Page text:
It is an often quoted maxim that there are really only seven stories in fiction and all other stories are just variations on those "archetypal plots". What are  these Seven Great Stories? In a reply to a reader in the Notes and Queries section of The Guardian newspaper of 9 September 1991, the following listing of possible dramatic narratives was suggested by Rory Johnston,  the son of  the Irish playwright Denis Johnston:

Plots for plays is something my father Denis Johnston, had a lot to say about. Originally he thought there were seven, but then he realised there are in fact eight:

Cinderella - Unrecognised virtue at last recognised. It's the same story as the Tortoise and the Hare. Cinderella doesn't have to be a girl, nor does it even have to be a love story. What is essential is that the good is despised, but is recognised in the end, something that we all want to believe. 

Achilles - The Fatal Flaw, that is the groundwork for practically all classical tragedy, although it can be made comedy too.

 Faust- The Debt that Must be Paid, the fate that catches up with all of us sooner or later. 

Tristan - that standard triangular plot of two women and one man, or two men and one woman. 

Romeo and Juliet - Boy meets Girl, Boy loses Girl, Boy either finds or does not find Girl: it doesn't matter which. 

Orpheus - The Gift taken Away. This may take two forms: either the tragedy of the loss itself, as in Juno and the Paycock, or it may be about the search that follows the loss, as in Jason and the Golden Fleece. 

The Hero Who Cannot Be Kept Down. The best example of this is that splendid play Harvey, made into a film with James Stewart.



These plots can be presented in so many different forms (tragedy, comedy, farce, whodunit, literary fiction, "chicklit" etc!) and they can be inverted or reversed too, but they still form the basis of all good story telling and writing.

These plot lines are archetypal (meaning that they are wired into the blueprint for human existence) and active in our own lives as well.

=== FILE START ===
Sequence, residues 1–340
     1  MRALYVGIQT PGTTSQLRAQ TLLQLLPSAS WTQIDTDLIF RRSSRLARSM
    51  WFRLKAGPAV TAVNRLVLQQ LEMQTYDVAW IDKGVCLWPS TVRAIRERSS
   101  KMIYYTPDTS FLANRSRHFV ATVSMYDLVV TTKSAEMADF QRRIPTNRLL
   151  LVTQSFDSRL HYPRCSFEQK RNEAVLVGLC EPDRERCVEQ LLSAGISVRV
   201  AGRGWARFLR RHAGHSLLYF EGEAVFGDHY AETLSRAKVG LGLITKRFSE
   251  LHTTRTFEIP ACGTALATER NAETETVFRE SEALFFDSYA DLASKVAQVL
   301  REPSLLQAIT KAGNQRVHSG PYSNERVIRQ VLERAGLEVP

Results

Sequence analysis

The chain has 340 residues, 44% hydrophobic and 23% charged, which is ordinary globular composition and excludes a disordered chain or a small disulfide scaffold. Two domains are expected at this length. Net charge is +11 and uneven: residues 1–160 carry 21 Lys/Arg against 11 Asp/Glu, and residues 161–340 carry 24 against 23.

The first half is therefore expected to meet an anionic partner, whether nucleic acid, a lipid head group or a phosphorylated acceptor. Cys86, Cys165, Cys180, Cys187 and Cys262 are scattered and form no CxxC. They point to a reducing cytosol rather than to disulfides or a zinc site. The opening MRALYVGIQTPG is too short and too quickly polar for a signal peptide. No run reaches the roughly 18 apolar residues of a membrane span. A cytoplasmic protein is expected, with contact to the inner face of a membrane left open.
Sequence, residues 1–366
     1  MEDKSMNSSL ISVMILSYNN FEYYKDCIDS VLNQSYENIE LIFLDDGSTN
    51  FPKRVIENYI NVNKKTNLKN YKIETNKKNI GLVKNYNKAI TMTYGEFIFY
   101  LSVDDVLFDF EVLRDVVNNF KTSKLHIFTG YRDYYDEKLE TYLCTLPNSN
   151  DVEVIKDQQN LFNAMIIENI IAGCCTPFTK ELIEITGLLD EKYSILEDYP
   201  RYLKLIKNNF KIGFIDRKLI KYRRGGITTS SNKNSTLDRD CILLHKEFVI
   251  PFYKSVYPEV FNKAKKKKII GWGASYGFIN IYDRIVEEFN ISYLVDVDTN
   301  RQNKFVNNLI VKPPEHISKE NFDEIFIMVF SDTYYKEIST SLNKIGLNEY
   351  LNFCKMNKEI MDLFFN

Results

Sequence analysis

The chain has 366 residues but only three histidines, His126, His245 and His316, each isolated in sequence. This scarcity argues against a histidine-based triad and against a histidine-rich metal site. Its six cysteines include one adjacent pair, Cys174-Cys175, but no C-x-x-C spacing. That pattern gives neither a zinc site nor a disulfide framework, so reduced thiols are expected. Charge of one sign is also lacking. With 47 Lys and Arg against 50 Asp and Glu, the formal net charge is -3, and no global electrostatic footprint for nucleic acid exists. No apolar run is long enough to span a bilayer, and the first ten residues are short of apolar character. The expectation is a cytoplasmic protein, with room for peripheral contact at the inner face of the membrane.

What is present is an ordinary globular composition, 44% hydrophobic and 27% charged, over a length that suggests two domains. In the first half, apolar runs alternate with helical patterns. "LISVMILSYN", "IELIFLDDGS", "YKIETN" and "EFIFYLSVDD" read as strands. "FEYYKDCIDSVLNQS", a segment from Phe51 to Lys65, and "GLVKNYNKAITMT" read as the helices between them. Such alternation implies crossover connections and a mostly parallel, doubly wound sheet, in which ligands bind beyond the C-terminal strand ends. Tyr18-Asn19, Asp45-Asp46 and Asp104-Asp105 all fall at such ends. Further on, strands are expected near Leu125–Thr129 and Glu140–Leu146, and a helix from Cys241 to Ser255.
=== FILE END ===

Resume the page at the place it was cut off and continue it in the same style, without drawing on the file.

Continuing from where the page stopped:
Human beings are creatures in search of meaning. They can endure almost anything provided they can find meaning in these events but humans cannot live a meaningless life. That harms their spirit.

Shamanic teacher, painter and author in the UK and the world


Mythology is usually inseparable from ritual, says Karen Armstrong.  As a shamanic teacher I go even one step further: myth becomes accessible and activated as en embodied reality through ritual and ceremony!

In shamanism when we perform ceremonies a group of people together align with the timeless world and perform symbolic actions that have a huge impact in our everyday world . This is the place where timeless sacred reality touches and shapes everyday reality. Our own imagination provides the means, myth provides the map - Imelda Almqvist


The most powerful myths are about extremity (Amstrong); they force us to go beyond our experience. Myth is about the unknown, it is about that for which we initially have no words. Myths therefore look into the heart of the Great Silence.

Myths provide a manual for the right course of action, in this world and in baffling situations.

Myths are also messages from The Dreamtime: any event that happens now also happens all the time. E.g. a woman giving birth is, in that moment, all women who ever gave birth, alive and dead.  Our own rational mind cuts us off from this perennial archetypal reality Outside Time.


This then takes me to my mission vision and statement on the homepage of this website: working through the map (or lens) of mythology with powerful ancient beings and spirits has taught me that my true task in life is creating safe space and containers for people where they learn how to create and joyful reality. 

The word sacrament (which has sadly fallen out of use) is helpful here and here is my own definition:

A powerful eremony, act or event that is regarded as an outward and visible sign of inward and spiritual divine grace



Myth is about the unknown, it is about that for which we initially have no words. Myths therefore look into the heart of the Great Silence.

Life is cyclical, not linear. Earth is a circle and so are the Sun, Moon and Planets all spinning in circles and mirroring cycles on Earth.

“As above, so below, as within, so without, as the universe, so the soul…”  - Hermes Trismegistus


This material is extremely close to my heart but sadly even webpages must end!

For me the work I do is essentially Mystery School work for modern times and people.  I create containers and call together groups for sacred alchemy to occur. 

World Mythology is an unlimited reservoir of road maps back to our Divine Origin 



 A revelation is a challenge to accept something as yet unknown, and only if that acceptance is offered does the unknown make itself apparent

 - Francis Huxley in The Way of the Sacred